Skip to main content

AI Controller Update - Week Ending 6/27

Now, this was a week in which some really important work was done.
Last week, I wrote about the roadblocks I was facing with writing my own game engine – guaranteeing a smooth game loop, constant frame rate, and float precision.
While it is quite easy to build a functional game loop, it is harder to build one that does not break under stress. Somehow my windows framework wasn’t sending regular updates to my main loop, and I spent quite a while scratching my head trying to figure it out.
However, time is precious and it was running out. I had to make a decision, and make it quick. I chose to jump into Unreal and port over all my code into Unreal 4.16.

Jumping to Unreal

I wanted to build a follower behavior, but I also wanted to build it right. So, I made sure to have a component-based architecture from the get-go, and made sure to have the steering behaviors as Actor Components, so that they could be attached to any actor and be reused.
The Actor Steering component is a C++ component which has its functions exposed to blueprints. This is done so that scripters can take advantage of this and integrate it into their scripting workflow.
The code is the same as demonstrated in earlier posts. The only difference is using Unreal’s FVector class instead of our own custom vector, and getting the location, velocity, etc from the parent actor. Here is what Arrive looks like in Unreal (look at last week’s post to see how it looked like in the custom engine):

FVector UActorSteeringComponent::Arrive(const FVector& Target)
{
       AActor* Owner = GetOwner();

       FVector ToTarget = Target - Owner->GetActorLocation();
       float Distance = ToTarget.Size();

       if (Distance > 0)
       {
              float Speed = Distance / DecelerationCoefficient;
              Speed = FMath::Min(Speed, mpMovementComponent->GetMaxSpeed());

              FVector DesiredVelocity = ToTarget / Distance * Speed;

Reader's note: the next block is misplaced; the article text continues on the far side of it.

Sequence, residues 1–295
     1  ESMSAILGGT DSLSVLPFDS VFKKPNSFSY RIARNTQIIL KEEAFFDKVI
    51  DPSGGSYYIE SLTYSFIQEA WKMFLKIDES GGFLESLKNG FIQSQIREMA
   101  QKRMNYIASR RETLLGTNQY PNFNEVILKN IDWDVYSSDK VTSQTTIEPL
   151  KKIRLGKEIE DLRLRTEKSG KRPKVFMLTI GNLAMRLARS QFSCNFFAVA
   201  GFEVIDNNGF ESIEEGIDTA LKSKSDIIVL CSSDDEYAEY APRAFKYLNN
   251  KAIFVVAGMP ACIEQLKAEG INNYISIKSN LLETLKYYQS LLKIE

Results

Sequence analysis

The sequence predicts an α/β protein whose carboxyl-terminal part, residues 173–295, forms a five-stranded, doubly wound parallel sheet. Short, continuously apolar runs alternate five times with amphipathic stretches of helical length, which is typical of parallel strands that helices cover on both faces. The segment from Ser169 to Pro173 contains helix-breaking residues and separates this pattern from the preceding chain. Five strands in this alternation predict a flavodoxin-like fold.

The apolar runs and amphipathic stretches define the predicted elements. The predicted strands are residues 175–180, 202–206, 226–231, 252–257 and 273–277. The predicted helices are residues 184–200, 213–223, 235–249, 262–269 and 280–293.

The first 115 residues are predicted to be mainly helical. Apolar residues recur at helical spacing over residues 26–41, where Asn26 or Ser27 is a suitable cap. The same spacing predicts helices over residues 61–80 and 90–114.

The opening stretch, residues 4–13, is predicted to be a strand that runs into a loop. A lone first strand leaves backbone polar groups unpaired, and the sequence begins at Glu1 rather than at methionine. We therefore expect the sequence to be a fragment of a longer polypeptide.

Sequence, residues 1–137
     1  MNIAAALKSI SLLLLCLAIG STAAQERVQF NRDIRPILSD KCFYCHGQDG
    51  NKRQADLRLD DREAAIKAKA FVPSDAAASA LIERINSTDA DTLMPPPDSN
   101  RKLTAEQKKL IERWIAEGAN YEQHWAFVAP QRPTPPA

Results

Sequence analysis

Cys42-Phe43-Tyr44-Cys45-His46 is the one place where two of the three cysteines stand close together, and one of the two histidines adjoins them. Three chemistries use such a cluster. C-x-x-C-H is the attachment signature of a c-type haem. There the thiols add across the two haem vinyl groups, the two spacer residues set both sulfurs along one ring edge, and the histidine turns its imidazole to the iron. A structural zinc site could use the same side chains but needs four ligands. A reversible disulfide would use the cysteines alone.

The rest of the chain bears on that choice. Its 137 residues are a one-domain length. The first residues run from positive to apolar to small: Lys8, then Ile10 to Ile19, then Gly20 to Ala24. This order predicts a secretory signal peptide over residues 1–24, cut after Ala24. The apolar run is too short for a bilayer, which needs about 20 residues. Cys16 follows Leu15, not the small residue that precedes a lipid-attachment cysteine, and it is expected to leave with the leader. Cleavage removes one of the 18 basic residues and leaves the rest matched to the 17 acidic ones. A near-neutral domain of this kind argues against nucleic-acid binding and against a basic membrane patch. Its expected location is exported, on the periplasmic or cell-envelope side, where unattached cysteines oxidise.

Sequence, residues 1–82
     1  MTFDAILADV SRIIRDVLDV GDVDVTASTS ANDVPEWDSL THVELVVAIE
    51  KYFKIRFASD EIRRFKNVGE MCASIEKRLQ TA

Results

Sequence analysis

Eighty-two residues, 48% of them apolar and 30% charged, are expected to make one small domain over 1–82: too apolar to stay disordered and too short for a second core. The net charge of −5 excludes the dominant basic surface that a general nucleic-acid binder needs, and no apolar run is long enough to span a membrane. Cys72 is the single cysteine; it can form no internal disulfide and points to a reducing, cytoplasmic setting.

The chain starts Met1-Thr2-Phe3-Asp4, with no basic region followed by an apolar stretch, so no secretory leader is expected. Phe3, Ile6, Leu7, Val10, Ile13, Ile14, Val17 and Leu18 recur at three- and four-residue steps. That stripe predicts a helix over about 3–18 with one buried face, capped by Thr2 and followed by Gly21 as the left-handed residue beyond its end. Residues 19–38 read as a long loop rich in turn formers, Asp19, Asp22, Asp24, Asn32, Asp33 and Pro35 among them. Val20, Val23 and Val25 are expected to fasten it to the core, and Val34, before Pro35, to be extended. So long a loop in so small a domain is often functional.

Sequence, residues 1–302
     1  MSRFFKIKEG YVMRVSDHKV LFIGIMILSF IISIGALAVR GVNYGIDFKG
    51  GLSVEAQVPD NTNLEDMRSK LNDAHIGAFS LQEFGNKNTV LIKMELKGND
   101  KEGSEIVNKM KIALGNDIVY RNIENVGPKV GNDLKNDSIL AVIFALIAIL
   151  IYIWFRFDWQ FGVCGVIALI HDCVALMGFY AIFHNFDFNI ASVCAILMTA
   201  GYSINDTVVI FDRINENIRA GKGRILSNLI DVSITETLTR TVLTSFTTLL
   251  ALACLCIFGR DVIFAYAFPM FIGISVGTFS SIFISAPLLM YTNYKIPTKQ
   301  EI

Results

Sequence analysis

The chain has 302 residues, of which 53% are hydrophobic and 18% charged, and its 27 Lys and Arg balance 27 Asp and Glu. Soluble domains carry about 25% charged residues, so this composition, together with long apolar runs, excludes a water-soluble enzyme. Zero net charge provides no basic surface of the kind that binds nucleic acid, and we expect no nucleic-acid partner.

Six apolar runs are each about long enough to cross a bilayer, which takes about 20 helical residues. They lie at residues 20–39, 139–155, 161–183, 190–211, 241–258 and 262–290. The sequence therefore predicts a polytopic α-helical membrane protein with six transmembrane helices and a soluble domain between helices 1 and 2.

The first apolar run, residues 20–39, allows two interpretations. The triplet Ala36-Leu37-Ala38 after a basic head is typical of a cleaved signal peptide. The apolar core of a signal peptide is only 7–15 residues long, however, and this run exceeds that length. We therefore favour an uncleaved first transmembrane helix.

return DesiredVelocity - Owner->GetVelocity();
       }

       return FVector(0, 0, 0);
}

New behaviors and improvements to old ones

The benefits of jumping to Unreal were immediate. I was able to bang out 3 new behaviors:

Pursuit

Given a target Actor, the source Actor will predict the future position of the target (given a lookahead time), and will Seek towards that.

FVector UActorSteeringComponent::Pursuit(const AActor* TargetActor)
{
       AActor* Owner = GetOwner();
       FVector TargetActorLocation = TargetActor->GetActorLocation();
       FVector TargetActorVelocity = TargetActor->GetVelocity();

       FVector ToTargetActor = TargetActorLocation - Owner->GetActorLocation();
      
       float LookAheadTime = (ToTargetActor.Size() / mpMovementComponent->GetMaxSpeed() + TargetActorVelocity.Size()) / LookAheadTimeModifier;
       return Seek(TargetActorLocation + TargetActorVelocity * LookAheadTime);
}

Evade

Similar to Pursuit, but the source Actor will Flee from the predicted future position of the target.

FVector UActorSteeringComponent::Evade(const AActor* TargetActor, float TriggerDistance)
{
       AActor* Owner = GetOwner();
       FVector TargetActorLocation = TargetActor->GetActorLocation();
       FVector TargetActorVelocity = TargetActor->GetVelocity();

       FVector ToTargetActor = TargetActorLocation - Owner->GetActorLocation();

       if (TriggerDistance < 0 || ToTargetActor.SizeSquared() <= TriggerDistance * TriggerDistance)
       {
              float LookAheadTime = (ToTargetActor.Size() / mpMovementComponent->GetMaxSpeed() + TargetActorVelocity.Size()) / LookAheadTimeModifier;
              return Flee(TargetActorLocation + TargetActorVelocity * LookAheadTime);